Isolation and Characterization of a Virulent Bacteriophage AB1 of Acinetobacter baumannii
1 Key Laboratory of Industrial Microbiology, Ministry of Education, PO Box 08, Tianjin University of Science & Technology, TEDA, Tianjin 300457, PR China
2 Tianjin Children's Hospital, 225 Machang Road, Tianjin 300074, PR China
BMC Microbiology 2010, 10:131 doi:10.1186/1471-2180-10-131Published: 29 April 2010
Acinetobacter baumannii is an emerging nosocomial pathogen worldwide with increasing prevalence of multi-drug and pan-drug resistance. A. baumannii exists widely in natural environment, especially in health care settings, and has been shown difficult to be eradicated. Bacteriophages are often considered alternative agent for controlling bacterial infection and contamination. In this study, we described the isolation and characterization of one virulent bacteriophage AB1 capable of specifically infecting A. baumannii.
A virulent bacteriophage AB1, specific for infecting a clinical strain A. baumannii KD311, was first isolated from marine sediment sample. Restriction analysis indicated that phage AB1 was a dsDNA virus with an approximate genome size of 45.2 kb to 46.9 kb. Transmission electron microscopy showed that phage AB1 had an icosahedral head with a non-contractile tail and collar or whisker structures, and might be tentatively classified as a member of the Siphoviridae family. Proteomic pattern of phage AB1, generated by SDS-PAGE using purified phage particles, revealed five major bands and six minor bands with molecular weight ranging from 14 to 80 kilo-dalton. Also determined was the adsorption rate of phage AB1 to the host bacterium, which was significantly enhanced by addition of 10 mM CaCl2. In a single step growth test, phage AB1 was shown having a latent period of 18 minutes and a burst size of 409. Moreover, pH and thermal stability of phage AB1 were also investigated. At the optimal pH 6.0, 73.2% of phages survived after 60 min incubation at 50°C. When phage AB1 was used to infect four additional clinical isolates of A. baumannii, one clinical isolate of Stenotrophomonas maltophilia, and Pseudomonas aeruginosa lab strains PAK and PAO1, none of the tested strains was found susceptible, indicating a relatively narrow host range for phage AB1.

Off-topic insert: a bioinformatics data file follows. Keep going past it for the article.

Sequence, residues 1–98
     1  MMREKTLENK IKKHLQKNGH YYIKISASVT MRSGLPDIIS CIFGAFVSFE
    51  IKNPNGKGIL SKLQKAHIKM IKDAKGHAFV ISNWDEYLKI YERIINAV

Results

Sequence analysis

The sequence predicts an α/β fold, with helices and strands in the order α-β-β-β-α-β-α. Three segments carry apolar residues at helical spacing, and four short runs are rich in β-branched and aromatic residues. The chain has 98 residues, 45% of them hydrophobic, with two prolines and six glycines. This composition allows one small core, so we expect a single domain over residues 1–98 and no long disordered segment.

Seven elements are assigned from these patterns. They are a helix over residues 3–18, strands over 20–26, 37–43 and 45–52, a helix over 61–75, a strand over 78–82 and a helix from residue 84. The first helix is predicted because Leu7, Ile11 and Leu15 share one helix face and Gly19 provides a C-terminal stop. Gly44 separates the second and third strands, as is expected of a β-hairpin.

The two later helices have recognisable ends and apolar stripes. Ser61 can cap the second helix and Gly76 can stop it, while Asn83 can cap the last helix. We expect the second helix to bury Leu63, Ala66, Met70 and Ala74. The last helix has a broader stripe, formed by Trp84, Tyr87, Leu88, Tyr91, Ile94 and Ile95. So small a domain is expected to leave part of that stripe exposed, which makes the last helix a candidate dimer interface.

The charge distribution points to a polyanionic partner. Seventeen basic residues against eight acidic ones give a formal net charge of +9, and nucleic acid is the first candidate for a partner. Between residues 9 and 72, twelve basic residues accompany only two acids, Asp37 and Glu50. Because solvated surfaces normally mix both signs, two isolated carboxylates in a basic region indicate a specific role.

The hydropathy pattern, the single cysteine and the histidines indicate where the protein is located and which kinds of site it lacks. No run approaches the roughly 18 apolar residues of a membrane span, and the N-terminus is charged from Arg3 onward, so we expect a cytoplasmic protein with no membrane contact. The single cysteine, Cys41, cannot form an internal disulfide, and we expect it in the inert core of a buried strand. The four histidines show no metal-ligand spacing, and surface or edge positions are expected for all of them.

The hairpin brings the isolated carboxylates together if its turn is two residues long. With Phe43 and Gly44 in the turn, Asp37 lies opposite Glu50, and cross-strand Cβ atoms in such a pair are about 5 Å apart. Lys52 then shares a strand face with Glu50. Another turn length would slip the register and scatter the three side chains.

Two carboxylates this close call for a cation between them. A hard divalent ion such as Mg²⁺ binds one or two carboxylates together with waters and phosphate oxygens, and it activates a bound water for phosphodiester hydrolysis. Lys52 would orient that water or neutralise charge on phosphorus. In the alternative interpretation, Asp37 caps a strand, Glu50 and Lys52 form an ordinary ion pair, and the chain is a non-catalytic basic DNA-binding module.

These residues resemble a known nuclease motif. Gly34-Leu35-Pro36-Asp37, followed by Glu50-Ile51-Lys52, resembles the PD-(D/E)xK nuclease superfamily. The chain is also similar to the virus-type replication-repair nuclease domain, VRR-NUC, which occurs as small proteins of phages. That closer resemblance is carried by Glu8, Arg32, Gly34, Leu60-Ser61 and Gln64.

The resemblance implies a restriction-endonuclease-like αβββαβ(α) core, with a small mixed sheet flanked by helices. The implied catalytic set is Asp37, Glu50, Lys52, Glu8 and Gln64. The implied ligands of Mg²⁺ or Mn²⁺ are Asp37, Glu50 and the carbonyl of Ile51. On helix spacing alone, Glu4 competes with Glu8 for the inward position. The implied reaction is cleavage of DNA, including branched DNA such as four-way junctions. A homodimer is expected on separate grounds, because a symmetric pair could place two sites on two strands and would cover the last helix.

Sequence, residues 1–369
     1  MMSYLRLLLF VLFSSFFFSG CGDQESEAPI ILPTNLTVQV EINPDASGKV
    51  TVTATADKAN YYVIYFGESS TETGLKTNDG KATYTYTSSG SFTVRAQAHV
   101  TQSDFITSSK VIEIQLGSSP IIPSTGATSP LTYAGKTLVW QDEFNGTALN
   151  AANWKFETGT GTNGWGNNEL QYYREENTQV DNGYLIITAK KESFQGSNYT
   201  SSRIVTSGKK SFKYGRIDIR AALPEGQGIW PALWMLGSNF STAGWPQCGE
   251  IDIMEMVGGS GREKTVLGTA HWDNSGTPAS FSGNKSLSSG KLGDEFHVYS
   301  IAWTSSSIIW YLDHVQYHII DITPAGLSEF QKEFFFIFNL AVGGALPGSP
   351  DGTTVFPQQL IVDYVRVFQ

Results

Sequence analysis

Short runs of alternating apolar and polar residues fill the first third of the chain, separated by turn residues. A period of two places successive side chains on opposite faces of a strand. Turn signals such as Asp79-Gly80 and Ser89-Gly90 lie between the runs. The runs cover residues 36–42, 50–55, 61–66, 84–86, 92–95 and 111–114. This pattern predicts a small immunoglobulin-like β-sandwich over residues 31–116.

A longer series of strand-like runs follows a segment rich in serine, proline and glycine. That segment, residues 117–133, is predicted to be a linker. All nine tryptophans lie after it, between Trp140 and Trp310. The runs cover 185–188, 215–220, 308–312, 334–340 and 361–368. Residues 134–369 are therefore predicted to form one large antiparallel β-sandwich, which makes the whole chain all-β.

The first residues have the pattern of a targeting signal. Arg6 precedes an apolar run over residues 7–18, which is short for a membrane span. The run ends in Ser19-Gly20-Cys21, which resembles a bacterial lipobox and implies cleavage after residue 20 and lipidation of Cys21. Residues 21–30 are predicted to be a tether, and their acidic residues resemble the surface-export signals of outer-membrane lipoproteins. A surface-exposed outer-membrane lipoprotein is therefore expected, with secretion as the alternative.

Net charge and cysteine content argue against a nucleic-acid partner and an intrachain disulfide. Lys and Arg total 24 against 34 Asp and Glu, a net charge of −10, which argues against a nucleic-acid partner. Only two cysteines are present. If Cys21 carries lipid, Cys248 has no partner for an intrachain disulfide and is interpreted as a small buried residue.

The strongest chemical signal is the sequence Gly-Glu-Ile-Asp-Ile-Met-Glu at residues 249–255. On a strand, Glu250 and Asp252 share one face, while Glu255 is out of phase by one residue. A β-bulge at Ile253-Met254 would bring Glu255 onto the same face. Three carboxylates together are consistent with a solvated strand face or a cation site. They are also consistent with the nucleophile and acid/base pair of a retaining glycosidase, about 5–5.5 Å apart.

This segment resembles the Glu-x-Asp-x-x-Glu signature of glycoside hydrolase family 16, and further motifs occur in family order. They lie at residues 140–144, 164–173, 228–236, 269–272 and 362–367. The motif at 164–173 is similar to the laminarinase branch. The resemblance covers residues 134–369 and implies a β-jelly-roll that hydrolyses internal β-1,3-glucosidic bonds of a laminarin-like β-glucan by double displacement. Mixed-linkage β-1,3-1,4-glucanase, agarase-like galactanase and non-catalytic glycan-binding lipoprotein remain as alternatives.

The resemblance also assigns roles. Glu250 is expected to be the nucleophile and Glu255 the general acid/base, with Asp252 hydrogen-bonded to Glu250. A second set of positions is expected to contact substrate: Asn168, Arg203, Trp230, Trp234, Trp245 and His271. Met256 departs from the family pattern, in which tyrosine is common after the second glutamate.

Phage AB1 was capable of eliciting efficient lysis of A. baumannii, revealing its potential as a non-toxic sanitizer for controlling A. baumannii infection and contamination in both hospital and other public environments.